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Robinow syndrome (RS) is a rare genetic syndrome characterized by limb shortening and abnormalities of the head, face and external genitalia.
- Acral dysostosis with facial and genital abnormalities
- Fetal face syndrome
- Mesomelic dwarfism-small genitalia syndrome
- Robinow dwarfism
- Robinow-Silverman-Smith syndrome
- Prevalence: Unknown
- Inheritance: Autosomal dominant or Autosomal recessive
- Age of onset: Infancy, Neonatal
- ICD-10: Q87.1
- OMIM: 180700 268310 616331 616894
- UMLS: C0265205
- MeSH: -
- GARD: 312
- MedDRA: -
Exact prevalence is unknown. About 200 cases have been reported to date. Cases have been reported primarily from the USA, Arab countries, Turkey, Czech Republic and Slovakia, the Indian subcontinent, and Brazil. Prevalence in other geographic areas is unknown. There is an equal male-to-female ratio.
Two forms of the syndrome with different patterns of inheritance and variable frequency of clinical signs have been described: a milder autosomal dominant form (autosomal dominant Robinow syndrome, see this term) and a more severe autosomal recessive form (autosomal recessive Robinow syndrome, see this term). The syndrome has a wide clinical spectrum. Clinical signs such as short stature, characteristic facial features (hypertelorism, midface hypoplasia, large nasal bridge, short upturned nose, and anteverted nares), mesomelic limb shortening, as well as brachydactyly, clinodactyly, gingival hyperplasia, and genital hypoplasia are generally common to both forms. Vertebral segmentation defects are common but more severe in the recessive form: hemivertebrae and scoliosis are more common (75% of cases). Rib fusions appear to be present almost exclusively in the autosomal recessive form. Umbilical hernia and supernumerary teeth appear to be present exclusively in patients with the dominant form. Associated conditions include frequent ear infections, hearing loss, developmental and respiratory disorders, hypotonia, eating difficulties and esophageal reflux.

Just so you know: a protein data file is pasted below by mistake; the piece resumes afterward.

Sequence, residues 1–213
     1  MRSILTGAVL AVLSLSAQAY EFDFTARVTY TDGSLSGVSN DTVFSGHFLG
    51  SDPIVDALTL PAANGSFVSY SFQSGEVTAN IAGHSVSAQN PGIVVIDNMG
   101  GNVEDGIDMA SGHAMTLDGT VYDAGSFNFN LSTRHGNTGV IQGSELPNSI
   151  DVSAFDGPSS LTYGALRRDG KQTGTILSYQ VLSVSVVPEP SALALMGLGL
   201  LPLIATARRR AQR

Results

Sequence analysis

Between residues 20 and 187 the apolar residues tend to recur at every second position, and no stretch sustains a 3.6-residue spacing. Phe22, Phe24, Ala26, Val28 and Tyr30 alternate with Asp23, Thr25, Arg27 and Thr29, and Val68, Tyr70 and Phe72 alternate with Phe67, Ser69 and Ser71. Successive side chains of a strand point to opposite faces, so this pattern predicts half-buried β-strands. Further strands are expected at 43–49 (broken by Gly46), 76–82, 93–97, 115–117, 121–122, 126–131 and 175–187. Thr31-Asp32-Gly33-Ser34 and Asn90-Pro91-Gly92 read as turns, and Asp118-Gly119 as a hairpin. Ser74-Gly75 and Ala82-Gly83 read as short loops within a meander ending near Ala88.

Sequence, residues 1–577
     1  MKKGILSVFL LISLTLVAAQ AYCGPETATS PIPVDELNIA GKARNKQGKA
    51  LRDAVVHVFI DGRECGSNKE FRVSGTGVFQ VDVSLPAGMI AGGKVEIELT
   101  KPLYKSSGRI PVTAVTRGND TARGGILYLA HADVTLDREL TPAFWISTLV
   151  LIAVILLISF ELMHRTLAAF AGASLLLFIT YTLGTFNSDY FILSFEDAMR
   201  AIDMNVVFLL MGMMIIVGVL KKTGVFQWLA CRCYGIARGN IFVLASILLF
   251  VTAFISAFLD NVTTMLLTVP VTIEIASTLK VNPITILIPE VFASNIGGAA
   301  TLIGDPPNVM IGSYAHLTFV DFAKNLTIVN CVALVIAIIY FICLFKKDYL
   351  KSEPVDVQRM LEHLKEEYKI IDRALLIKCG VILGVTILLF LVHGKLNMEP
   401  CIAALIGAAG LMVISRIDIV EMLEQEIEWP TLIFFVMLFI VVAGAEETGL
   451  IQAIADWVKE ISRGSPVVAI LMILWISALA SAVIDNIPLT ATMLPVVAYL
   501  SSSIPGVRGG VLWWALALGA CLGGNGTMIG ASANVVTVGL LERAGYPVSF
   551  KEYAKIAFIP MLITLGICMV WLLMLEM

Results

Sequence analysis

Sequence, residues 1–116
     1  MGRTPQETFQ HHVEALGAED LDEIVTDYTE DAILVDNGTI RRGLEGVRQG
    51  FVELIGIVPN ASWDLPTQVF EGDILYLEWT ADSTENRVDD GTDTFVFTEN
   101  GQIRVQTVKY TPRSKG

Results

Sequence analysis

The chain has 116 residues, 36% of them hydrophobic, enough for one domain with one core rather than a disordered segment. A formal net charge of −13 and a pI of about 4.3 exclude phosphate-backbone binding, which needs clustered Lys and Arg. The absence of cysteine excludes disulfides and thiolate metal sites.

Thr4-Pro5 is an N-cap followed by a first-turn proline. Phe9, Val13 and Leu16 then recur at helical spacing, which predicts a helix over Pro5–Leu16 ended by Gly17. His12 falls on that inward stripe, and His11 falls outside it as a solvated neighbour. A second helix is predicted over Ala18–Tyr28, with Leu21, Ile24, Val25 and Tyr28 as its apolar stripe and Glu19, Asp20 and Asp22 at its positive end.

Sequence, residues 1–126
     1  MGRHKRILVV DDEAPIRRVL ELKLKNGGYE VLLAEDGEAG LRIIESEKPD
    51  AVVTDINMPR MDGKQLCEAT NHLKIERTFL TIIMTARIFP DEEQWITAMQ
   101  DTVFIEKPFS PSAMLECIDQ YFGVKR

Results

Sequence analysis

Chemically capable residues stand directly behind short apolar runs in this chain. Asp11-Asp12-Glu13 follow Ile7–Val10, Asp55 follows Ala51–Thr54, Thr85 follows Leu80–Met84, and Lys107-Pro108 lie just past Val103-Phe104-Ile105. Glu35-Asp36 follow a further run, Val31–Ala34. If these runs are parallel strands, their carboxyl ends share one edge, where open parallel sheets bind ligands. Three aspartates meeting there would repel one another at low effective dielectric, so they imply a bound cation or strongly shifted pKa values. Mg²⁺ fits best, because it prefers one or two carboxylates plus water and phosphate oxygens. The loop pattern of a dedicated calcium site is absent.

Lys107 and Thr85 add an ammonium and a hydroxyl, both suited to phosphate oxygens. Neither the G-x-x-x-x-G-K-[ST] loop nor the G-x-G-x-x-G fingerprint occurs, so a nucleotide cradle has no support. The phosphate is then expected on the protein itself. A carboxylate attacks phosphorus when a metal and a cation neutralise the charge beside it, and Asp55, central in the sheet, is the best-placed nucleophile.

Autosomal recessive Robinow syndrome is caused by mutations in the ROR2 gene (9q22). Mutations in the WNT5A gene (3p14.3) have been reported in some patients (< 10%) with autosomal dominant Robinow syndrome.
Diagnosis is based on the clinical picture and the characteristic fetal face appearance of patients. Radiological examination is however necessary to confirm the presence of skeletal malformations.
The main differential diagnosis is RS with a different pattern of inheritance. Syndromes that commonly involve dysmorphic facial features similar to RS, particularly hypertelorism, along with genital hypoplasia such as Aarskog-Scott syndrome and Opitz G syndrome (see these terms) should also be considered. Chromosome abnormalities have occasionally been reported in patients with a Robinow-like phenotype. Similar costovertebral segmentation defects can be found in autosomal recessive spondylocostal dysostosis (ARSD) (see this term).
Prenatal diagnosis may be performed by fetal ultrasound from the 19th week of pregnancy but the severity of the syndrome is difficult to ascertain. Genetic testing may be performed to confirm the diagnosis in AR cases.
Transmission is autosomal dominant or recessive. Genetic counseling is recommended. Parents of AD cases should be clinically evaluated to exclude a milder manifestation of the syndrome prior to genetic counseling.
Management and treatment
Management of the skeletal deformities includes bracing or surgical correction. Growth hormone has been administered to increase the growth rate in children with the syndrome. In patients with wide palpebral fissures, the need for surgical intervention should be evaluated.
Prognosis of Robinow syndrome is generally good but the severity of heart disorders may affect life expectancy.